Low-cost 3D model is expected to accelerate research on neurological effects of COVID-19 | AGÊNCIA FAPESP

Low-cost 3D model is expected to accelerate research on neurological effects of COVID-19 A neurosphere obtained from mouse neural stem cells and infected with an adapted SARS-CoV-2. The image was produced by immunofluorescence, with the cell nucleus and viral spike protein stained blue and red respectively (image: Bruna A. G. de Melo/UNIFESP)

Low-cost 3D model is expected to accelerate research on neurological effects of COVID-19

June 15, 2022

By André Julião  |  Agência FAPESP – Researchers in Brazil affiliated with the Federal University of São Paulo (UNIFESP) have used murine cells to develop a bioprinted three-dimensional model of the brain to study the neurological action of SARS-CoV-2. They have also succeeded in creating an adapted version of the virus that infects murine neural cells. The results of the research are reported in an article published in the journal Advanced Biology. The group expects them to accelerate and reduce the cost of future studies on the effects of COVID-19 on the central nervous system.

“We set out to create 3D bioprinted models that could be used to study the virus’s invasion mechanisms and the action of drugs, among other things. Because the SARS-CoV-2 that infects humans doesn’t infect mice, we used mice that had been genetically modified to express the human receptor [ACE-2, the protein to which the virus binds in order to invade cells]. But we wanted a version of the virus that was adapted specifically for the animals’ neural cells,” said Marimélia Porcionatto, a professor at UNIFESP’s Medical School (EPM) and principal investigator for the project, which is funded by FAPESP

A team of virologists participated in the project, among them Juliana Maricato and Luiz Mário Janini, both professors at EPM-UNIFESP. Janini is also supported by FAPESP

The bioink created by the group is a mixture of natural compounds with neural cells fed into a 3D printer. The model was developed in previous projects and enables the cells to survive the bioprinting process, migrate in space, and interact as if they were in living nerve tissue. According to the researchers, they used mouse cells but the materials are biocompatible and can be adapted to human cells in future (more at: agencia.fapesp.br/37839).   

“We’ve now added neurons to the model as well as astrocytes. Neurons are more sensitive and were added later as if they were seeded onto the bioprinted material, so they not only integrated into the model but interacted with the astrocytes,” said Bruna Alice Gomes de Melo, first author of the article. The research was conducted while she was a postdoctoral fellow at EPM-UNIFESP.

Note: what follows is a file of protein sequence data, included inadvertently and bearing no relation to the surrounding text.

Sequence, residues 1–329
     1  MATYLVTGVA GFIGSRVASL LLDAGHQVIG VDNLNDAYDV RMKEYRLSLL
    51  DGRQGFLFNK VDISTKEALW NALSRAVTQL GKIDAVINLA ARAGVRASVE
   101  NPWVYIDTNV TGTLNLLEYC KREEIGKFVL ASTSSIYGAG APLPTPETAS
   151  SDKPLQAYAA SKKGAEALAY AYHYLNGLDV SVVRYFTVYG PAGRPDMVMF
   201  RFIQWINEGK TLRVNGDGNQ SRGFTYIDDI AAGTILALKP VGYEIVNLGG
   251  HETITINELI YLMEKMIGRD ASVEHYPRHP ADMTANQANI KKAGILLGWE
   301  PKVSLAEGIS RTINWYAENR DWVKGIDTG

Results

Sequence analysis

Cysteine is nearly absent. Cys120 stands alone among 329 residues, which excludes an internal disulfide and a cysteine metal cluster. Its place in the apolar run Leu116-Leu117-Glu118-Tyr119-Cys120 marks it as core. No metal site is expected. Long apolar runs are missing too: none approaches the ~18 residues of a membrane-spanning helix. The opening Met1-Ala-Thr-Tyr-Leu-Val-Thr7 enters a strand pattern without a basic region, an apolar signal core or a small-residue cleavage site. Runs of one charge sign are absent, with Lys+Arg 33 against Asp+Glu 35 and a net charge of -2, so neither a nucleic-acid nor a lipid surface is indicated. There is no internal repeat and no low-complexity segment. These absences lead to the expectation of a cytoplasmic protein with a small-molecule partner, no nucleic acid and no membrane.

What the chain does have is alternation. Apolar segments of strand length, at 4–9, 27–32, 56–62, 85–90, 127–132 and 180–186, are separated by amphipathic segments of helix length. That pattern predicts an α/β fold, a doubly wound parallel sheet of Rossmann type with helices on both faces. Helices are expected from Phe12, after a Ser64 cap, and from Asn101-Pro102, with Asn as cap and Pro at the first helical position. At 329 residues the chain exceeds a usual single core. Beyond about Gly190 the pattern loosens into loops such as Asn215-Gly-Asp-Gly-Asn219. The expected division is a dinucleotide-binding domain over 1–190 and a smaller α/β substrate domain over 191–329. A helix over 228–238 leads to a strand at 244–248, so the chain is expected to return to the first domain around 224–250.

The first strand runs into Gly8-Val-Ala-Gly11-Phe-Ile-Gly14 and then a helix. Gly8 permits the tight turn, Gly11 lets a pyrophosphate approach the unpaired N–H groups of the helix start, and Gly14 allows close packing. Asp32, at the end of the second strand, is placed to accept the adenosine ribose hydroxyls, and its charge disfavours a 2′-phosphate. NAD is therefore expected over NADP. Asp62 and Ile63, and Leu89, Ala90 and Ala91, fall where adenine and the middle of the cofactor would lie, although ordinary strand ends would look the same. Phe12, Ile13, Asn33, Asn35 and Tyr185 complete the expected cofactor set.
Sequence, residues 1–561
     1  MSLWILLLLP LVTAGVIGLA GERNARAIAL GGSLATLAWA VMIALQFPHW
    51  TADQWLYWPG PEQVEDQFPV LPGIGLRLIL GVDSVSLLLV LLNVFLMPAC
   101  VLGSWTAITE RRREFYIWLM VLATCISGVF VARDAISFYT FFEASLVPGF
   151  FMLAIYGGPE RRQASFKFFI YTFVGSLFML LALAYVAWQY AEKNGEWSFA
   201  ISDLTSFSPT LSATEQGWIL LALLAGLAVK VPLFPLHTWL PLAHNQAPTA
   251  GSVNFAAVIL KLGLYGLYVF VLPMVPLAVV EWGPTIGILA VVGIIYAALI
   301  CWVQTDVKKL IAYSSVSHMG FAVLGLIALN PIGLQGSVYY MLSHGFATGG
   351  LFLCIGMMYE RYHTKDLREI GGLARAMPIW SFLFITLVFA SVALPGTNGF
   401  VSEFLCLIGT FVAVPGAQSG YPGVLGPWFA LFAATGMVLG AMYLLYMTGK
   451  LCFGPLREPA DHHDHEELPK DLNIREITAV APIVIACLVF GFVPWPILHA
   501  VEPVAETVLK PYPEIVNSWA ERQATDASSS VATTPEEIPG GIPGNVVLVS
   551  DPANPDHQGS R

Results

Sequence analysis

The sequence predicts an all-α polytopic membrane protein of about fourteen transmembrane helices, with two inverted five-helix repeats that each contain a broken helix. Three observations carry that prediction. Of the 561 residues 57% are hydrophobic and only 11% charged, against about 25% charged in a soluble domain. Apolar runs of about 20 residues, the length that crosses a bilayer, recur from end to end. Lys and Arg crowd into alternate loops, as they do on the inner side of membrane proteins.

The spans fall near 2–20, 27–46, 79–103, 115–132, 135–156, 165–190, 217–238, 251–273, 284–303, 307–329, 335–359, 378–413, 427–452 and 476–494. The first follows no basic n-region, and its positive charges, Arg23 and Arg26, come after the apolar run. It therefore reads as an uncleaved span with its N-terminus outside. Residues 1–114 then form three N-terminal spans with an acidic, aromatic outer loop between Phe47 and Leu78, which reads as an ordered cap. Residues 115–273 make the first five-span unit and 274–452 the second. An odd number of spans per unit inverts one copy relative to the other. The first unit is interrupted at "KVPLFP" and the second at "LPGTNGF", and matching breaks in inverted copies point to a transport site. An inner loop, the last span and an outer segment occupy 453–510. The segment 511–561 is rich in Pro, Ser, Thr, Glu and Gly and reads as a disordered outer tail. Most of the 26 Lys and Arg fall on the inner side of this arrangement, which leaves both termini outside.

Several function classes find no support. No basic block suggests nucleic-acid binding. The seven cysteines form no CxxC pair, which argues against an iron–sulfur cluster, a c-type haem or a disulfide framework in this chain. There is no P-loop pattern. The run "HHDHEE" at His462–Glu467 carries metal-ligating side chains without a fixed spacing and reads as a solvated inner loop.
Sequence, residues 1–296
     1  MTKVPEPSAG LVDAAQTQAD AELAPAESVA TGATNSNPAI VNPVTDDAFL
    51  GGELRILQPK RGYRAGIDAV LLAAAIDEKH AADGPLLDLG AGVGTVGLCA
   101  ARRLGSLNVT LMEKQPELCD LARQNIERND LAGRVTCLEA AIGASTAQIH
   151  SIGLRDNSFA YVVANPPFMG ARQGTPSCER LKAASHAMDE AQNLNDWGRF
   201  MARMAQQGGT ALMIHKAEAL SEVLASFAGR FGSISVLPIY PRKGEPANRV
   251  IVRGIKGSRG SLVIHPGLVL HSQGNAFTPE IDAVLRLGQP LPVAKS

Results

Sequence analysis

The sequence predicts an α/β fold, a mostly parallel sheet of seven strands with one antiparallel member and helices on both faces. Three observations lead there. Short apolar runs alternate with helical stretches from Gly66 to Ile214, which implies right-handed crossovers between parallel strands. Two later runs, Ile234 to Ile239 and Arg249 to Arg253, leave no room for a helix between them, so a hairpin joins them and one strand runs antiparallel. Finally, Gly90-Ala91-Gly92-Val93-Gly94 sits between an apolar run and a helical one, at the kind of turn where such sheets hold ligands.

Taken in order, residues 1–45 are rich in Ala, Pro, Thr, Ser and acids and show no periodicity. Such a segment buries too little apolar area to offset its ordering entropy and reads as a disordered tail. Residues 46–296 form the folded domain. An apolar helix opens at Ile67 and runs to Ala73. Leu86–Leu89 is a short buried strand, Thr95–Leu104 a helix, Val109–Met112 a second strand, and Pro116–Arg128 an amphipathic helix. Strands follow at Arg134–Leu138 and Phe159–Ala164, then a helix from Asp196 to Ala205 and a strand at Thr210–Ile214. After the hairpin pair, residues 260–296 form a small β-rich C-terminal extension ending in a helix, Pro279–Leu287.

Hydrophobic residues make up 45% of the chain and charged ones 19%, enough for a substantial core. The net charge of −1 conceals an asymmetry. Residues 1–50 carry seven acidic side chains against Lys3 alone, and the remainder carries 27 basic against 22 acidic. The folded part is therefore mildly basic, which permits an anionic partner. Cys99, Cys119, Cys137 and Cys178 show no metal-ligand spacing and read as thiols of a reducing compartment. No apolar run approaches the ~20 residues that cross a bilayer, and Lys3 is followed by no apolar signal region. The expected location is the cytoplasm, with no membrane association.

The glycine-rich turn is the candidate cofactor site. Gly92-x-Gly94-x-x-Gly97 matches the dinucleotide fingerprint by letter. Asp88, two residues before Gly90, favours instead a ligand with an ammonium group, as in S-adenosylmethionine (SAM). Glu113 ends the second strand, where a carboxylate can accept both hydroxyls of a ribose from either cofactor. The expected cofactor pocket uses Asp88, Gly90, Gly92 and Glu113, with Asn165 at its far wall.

More types of neural cells can be added in future, increasing the complexity of the model and making it more like neural tissue, the researchers explained. 

The group’s other 3D models are organoids and spheroids, clusters of cells that self-organize in laboratory cultures. “Our model is more reproducible than organoids and spheroids. It can also be produced on a larger scale,” Porcionatto said.

Adapted virus

The spheroids – structures formed from neural stem cells and also known as neurospheres – were crucial to developing the version of SARS-CoV-2 adapted for use in mice. This entailed incubation for seven days with particles of the viral strain that infects humans. The few particles that survived and replicated were then isolated and placed in a new culture of neurospheres. The process was repeated four times to produce a sufficient quantity of viruses for the requirements of the trials.

Genetic sequencing of the resulting virus showed that it had shed some of the mutations found in the strain used in the first stage of incubation. The adapted coronavirus was also more similar to the Wuhan strain that started the pandemic. 

Vero cells normally used as a model for infection in humans were submitted both to the wild-type and adapted viruses. The latter’s capacity to infect cells other than those from mice was found to be low.

An interesting result obtained with the bioprinted 3D model was that the adapted virus replicated 30 times more efficiently in astrocytes than in neurons, demonstrating the importance of the former to central nervous system infection by SARS-CoV-2.

“The pathogen can be simply present in cells without replicating enough to cause problems for the organism. The results showed that viral particles were reproducing and exiting cells to invade others and keep spreading the infection,” Melo said.

In addition, during the infection, the researchers observed increased expression of chemokines, molecules that attract immune system cells. The increase led to a reduction in the number of inflammatory cytokines.

“This means our model reproduces what would happen in the organism and is an improvement on organoids and spheroids, let alone cells on two-dimensional slides,” Porcionatto said. “Furthermore, other cells that appear to be involved in infection of the brain by SARS-CoV-2 can be added to the bioink we developed, such as microglia and endothelial cells in the blood-brain barrier lining the inner walls of blood vessels in the brain.”

The researchers expect the model to reduce the cost of this kind of research and the use of laboratory animals.

The research was supported by FAPESP via three other projects (18/12605-8, 19/01255-9, and 21/03684-4).

The article “3D bioprinted neural-like tissue as a platform to study neurotropism of mouse-adapted SARS-CoV-2” is at: onlinelibrary.wiley.com/doi/10.1002/adbi.202200002

 

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